An Interview with a Video Game Composer, Tyson R. Prince: 

The Spin Wires is a famous band, which is a Buffalo, New York based company. It plays punk infused with elements of dance rock, new wave, and garage rock. The company develops music for top video games like Hovership Havoc, #ZRUN, Super Toy Cars, Super Toy Cars 2, #KILLALLZOMBIES and Spheroids.

Interview with Tyson Prince of The Spin Wires

Tyson R. Prince writes, composes and plays music for The Spin Wires. He is approached for an interview and the request is granted. The interview session follows as:

Q 1) Tell me a bit about yourself and team.

A)  My name is Tyson R. Prince.  I compose music under the moniker “Double Hilt” and also play and write in the dance rock band, The Spin Wires.  I can create compelling alternative rock music with vocals and also compose a number of other more conventional genres for video games (electronic or orchestral etc.).  For my day job, I am an attorney in Buffalo, New York. 

Q 2) What sparked your passion for making music?

A) Played guitar as a teenager and loved music.  Accordingly, decided that I wanted to make music.

Q 3) What is it that you find so compelling about video game music?

A) Well-composed music can really set the mood of a game and add to the atmosphere.  I remember listening to the soundtrack of Total Annihilation (by Jeremy Soule) and being so enthralled that this was music created for a game but at the same time stood out.  Same for the Fallout 1/2 soundtrack by Mark Morgan.

Poor or distasteful music can ruin a game.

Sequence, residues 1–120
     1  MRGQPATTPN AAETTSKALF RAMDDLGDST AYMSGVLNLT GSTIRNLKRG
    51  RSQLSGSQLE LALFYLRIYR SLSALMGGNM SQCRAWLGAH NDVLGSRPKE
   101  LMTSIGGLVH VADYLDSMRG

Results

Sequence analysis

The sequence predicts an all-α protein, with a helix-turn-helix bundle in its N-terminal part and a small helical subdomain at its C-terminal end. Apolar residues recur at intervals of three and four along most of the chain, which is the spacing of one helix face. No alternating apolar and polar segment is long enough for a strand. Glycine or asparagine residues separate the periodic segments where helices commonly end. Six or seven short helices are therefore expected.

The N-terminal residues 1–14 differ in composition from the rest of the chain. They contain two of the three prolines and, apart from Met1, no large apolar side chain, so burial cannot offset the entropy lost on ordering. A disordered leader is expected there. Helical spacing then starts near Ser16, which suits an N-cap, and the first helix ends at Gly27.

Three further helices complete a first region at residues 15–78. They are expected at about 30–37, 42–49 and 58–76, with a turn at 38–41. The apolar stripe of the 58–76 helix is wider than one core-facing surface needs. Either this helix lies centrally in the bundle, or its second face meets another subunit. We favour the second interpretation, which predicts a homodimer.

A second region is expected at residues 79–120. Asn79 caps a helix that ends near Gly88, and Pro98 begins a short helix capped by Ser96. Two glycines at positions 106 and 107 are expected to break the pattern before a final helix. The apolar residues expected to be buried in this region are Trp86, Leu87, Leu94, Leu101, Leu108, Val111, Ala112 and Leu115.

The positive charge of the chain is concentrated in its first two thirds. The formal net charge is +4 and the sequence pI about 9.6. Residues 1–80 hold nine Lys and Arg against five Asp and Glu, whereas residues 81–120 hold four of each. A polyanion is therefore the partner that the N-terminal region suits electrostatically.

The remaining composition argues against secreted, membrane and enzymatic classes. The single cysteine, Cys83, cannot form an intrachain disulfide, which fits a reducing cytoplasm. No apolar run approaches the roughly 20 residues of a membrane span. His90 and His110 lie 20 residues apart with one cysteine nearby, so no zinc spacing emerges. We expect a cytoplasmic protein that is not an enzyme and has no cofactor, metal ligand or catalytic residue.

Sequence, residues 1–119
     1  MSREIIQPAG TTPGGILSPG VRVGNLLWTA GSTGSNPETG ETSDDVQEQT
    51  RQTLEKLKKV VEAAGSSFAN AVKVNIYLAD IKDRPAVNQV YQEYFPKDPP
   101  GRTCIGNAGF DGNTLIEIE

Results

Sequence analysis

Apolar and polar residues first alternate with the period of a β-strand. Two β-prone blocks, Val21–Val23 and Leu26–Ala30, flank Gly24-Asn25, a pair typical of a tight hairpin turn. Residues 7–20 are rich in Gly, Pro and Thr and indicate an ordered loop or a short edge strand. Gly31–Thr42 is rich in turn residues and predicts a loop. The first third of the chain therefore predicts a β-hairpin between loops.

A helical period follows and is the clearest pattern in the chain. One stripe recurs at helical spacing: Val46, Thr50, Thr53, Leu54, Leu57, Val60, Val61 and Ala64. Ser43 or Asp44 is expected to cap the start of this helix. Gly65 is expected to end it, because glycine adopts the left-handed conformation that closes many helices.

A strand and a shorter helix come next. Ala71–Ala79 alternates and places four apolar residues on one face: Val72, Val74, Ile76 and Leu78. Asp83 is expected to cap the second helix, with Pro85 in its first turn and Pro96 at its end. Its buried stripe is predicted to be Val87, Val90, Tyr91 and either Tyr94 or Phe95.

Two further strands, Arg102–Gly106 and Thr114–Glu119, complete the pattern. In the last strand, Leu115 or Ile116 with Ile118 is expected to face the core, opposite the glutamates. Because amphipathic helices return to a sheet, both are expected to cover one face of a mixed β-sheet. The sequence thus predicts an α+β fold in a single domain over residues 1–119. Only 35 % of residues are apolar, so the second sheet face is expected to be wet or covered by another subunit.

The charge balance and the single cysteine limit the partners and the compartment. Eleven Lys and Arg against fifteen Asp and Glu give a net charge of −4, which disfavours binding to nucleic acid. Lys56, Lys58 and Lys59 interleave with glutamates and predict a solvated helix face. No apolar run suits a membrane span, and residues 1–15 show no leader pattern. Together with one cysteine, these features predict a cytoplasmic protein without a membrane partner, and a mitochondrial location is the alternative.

Q 4) For how many games did you compose music?

A)  Quite a few.  Off the top of my head, music I have composed has been licensed in the following games:
  • Hovership Havoc
  • #ZRUN
  • Super Toy Cars
  • #KILLALLZOMBIES
  • Super Toy Cars 2
  • Spheroids

Q 5) What has been your biggest career challenge? How about your biggest triumph?

A) Composing takes a lot of time and effort, and sometimes it’s tough to link to a game development project that is willing to make that investment.  When I compose for video games, I generally like to take an equity royalty in the game, so that I am not set to a strict payment schedule.  This forces me to give my best work, as getting equity means I only get paid if the game succeeds.   Biggest triumph is probably having a song licensed in the Showtime Show, Shameless.

Q 6) Can you remember the first time that you heard video game music and thought, “I want to compose this music?”

A) Hard to say!  See my response to answer 3 above. 

Q 7) What genre of games do you like to play?

A) CRPGS and Rogue-likes are my favorite.  I dug all three games made by Troika Studios a number of years ago.  Currently looking forward to a rogue-like called Stoneshard that is in early access.  Pathfinder Kingmaker was also fairly fun recently.  

Q 8) What advice do you have for beginners who want to become musicians like you?

A) Practice and learn from others.  Find a game development group in your local area and do Game Jams.  Expect a lot of time composing to go nowhere.  Also, I would suggest NOT making music your day job.  Have a reliable day job, and then use music as an outlet and side-gig.  It’s way more fun and less stressful that way.  Additionally, you can compose the music you want.

Thank you, Mr. Tyson for taking time with us and sharing views. I believe in your skills and passion, commitment and enthusiasm, and hope to get great music in future too.

4 Comments

  1. Hi Friend!
    Thank you for an encouraging comment. Enjoy rest of your day 🙂

    ReplyDelete
  2. Great interview and good to know bit more gaming industry

    ReplyDelete
    Replies
    1. Hi Jazz!
      Thank you so much for a wonderful comment. I hope your day is as awesome as you are

      Delete

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